Born in 1743 at Lucca, he passed his infancy in daily contact with music. From an early age the children of Leopoldo, singer, violocellist and double bass player in the Palatine Court of the city began to study counterpoint and an instrument, in Luigi’s case, the violoncello. After his first schooling both at home and at the Archbishopric seminary under the guidance of Father Vannucci, he perfected his studies at Rome with Tartini’s pupil, Giovanni Battista Costanzi who was the kappelmeister of the Julian Chapel at St. Peter’s. Boccherini made his debut in 1756 when he was registered as a participant in the festival of the Holy Cross at Lucca as a musician. Soon after, at only fifteen years of age he moved to Vienna where he was employed together with his father in the orchestra of the Imperial Theatre. He left Vienna the following year hoping to gain a stable post in the town of his birth but he was unsuccessful in receiving any offer from the local authorities despite performances both in an orchestral and in a soloist capacity. Between 1760 and 1764 because of the precariousness of his professional position, he returned to the Austrian capital where the liveliness of the musical scene (these were the years in which Gluck was productive) could guarantee him the possibility of being recognized, both as a virtuoso and as a composer. Already in these first works datable to his younger period – such as the first collection of trios for strings and the six quartets op. 2 – certain “Boccherinian” characteristics are very evident; for example, the solo balance between the instruments (having freed the viola and violoncello from the more common basso continuo role in which they were heretofore used); and an even distribution of the melody between the parts; a use of themes sometimes “galante”, sometimes impetuous whose use gives a precise consequence to the formal structure. The Viennese experience finally ended in April 1764 when the Council of Lucca offered Luigi a post in the Palatine Chapel for which he composed two oratorios, “Gioas, re di Giuda” and Giuseppe liberato” as well as many other sacred vocal pieces to be performed on the occasion of the city festivals. In the same period an enormously important meeting took place in Milan between Boccherini and Giovanni Battista Sammartini and the formation of a string quartet with Filippo Manfredi and Pietro Nardini, violins and Giuseppe Maria Cambini, viola. The quartet was active for six months and their repertoire included works by Haydn and Boccherini. After the death of his father in 1766 he left the city of his birth for ever and together with Manfredi stayed in various northern cities before establishing himself in Paris for a year. Here, he was introduced into the Marquis De Bagge’s salon where he had the opportunity of meeting the most important French musicians of the day and where he was able to establish relationships with the two editors Vénier and La Chevardière with whom he published many works. He then moved to Madrid and in 1770 entered into the service of Don Luis Infante di Spagna, a person deeply enamoured of music and who already maintained a quartet formed by the Font family. This employment gave him the possibility of frequenting the more refined sections of the Madrid society and also of learning the characteristics of traditional Spanish music which influence is evident in the later compositions of the Luccan composer. Infante, who was capable of understanding and appreciating his protégé was amply repaid by a vast and mature output which he could enjoy thanks to the talented players in his employ, not the least of which being Boccherini himself. Quintets made up the greater portion of his compositions in this period – a total of 30 divided up into 5 collections – which compositions acquired a series of characteristics particular to this genre; an extension of the dialogue type of structure already existing in his quartets, an enrichment of the sonority which leads to a more efficient use of the play between thin and full instrumentation and the elevation of the violoncello to the status of a full solo part having an active role in the development of the musical themes. He also wrote several lengthy symphonies for a full range of orchestral instruments but when the Infante left the court he returned to the composition of chamber music and adopted the “small” form in two movements and also the “intimate” form. This latter was certainly more suitable for Don Luis’ more recent situation and had the added benefit of being much sought after in Europe which was modeled on the requests formed by aristocratic amateurs. When the Infante died in 1785 Luigi found himself in great economic difficulty which he tried to get round by appealing to wealthy sponsors in the court of Frederick William of Prussia to whom he furnished quartets and quintets for which he received the sum of 1,000 scudi per annum. He also found employment as the conductor of Count Benavente-Osuna’s private orchestra for which he composed numerous symphonies. Benavente-Osuna’s theatre saw the production of his only dramatic composition, the zarzuela “Clementina” which was staged in 1786. The count also commissioned him to transcribe twelve quintets originally written for string quartet plus violoncello for guitar and strings. In the same period he also transcribed a concerto using the guitar as the solo instrument. By these two modifications of pre-existing works he gave the guitar its present role in an orchestral context both as a solo instrument and as a “doubling” part. His last years were spent in poverty, as the Madrid society which had previously shown him such favour and support now withdrew its interest. He died in 1805 and was buried in the church of S. Juan but in 1927 the body was exhumed and taken to Lucca where it was entombed in the church of S. Farncesco. From the years 1760 on, Boccherini started to catalogue his vast output thematically, an undertaking that was to remain incomplete since he failed to include vocal works, some orchestral pieces and the cello sonatas. From an analysis of those works omitted it would seem that the author only intended listing those works which were to be published. The catalogue appeared in two printed editions in the second half of the nineteenth century. The autographed edition was destroyed during the Spanish Civil War.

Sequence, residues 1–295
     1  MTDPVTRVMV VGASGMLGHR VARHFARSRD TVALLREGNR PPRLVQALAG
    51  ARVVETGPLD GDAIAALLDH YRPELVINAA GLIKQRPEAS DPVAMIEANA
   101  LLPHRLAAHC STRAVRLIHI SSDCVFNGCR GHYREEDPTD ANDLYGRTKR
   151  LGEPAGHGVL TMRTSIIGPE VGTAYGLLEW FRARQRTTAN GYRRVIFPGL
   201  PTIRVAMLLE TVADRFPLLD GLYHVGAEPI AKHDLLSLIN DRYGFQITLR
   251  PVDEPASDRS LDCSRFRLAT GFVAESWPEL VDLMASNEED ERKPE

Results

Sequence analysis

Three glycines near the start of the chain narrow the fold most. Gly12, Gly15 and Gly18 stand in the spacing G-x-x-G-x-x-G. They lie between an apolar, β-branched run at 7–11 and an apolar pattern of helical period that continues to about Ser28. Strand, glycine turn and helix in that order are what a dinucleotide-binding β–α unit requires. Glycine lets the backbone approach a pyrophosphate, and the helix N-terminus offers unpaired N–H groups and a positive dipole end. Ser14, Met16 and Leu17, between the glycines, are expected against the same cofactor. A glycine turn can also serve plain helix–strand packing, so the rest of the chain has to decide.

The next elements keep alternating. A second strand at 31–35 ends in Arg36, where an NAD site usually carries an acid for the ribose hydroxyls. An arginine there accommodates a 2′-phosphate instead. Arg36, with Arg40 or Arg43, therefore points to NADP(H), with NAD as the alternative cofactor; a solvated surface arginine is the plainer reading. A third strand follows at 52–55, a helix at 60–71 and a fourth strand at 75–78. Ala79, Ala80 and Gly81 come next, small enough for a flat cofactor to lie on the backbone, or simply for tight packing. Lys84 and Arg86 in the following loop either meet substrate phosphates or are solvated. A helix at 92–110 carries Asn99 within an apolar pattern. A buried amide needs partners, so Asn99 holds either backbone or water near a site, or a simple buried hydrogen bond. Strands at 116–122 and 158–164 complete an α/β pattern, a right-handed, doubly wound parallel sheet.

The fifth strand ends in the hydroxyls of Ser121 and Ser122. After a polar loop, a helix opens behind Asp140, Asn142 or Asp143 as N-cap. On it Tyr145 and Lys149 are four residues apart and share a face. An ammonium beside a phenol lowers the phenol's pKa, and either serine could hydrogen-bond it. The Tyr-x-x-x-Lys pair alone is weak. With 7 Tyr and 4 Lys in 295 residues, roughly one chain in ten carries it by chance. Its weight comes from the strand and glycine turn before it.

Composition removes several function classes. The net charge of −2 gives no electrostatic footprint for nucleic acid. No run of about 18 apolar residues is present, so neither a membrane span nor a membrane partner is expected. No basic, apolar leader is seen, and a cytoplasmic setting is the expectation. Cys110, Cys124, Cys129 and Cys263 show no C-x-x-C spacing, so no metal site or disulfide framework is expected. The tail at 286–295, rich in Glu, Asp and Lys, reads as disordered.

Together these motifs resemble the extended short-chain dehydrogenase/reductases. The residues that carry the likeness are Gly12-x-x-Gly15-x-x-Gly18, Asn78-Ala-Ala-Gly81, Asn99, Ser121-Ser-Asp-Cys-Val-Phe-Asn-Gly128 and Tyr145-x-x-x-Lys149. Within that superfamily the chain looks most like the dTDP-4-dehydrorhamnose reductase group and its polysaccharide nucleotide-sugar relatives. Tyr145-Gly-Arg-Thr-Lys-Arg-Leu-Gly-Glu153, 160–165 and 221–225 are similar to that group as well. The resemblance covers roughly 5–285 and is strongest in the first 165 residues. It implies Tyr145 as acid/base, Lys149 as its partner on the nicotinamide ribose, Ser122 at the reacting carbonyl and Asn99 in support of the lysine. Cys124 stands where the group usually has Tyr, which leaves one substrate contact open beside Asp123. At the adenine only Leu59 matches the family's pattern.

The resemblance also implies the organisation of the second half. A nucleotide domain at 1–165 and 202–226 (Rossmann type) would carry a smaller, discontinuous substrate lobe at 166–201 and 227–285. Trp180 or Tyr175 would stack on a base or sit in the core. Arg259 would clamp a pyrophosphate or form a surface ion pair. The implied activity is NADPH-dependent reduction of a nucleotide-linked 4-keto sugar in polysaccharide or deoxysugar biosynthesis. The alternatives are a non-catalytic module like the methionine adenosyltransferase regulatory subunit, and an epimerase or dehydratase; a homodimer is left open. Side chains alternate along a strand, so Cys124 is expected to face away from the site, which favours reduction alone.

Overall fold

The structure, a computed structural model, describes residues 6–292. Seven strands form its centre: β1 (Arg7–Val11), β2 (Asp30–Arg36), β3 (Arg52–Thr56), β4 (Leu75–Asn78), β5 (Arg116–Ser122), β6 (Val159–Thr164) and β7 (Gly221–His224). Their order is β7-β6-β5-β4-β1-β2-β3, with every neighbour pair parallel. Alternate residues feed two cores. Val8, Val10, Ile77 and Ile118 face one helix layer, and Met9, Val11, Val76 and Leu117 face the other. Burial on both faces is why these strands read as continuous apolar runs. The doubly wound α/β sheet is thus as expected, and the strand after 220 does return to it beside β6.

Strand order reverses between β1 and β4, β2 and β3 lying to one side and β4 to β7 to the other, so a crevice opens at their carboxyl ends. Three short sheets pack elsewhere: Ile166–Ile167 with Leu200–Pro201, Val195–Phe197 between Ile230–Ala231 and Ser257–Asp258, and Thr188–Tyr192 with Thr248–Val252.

Aria Accademica in re min. n. 5
Sinfonia in Si bem. Magg. op. 21 n. 5 (G 497)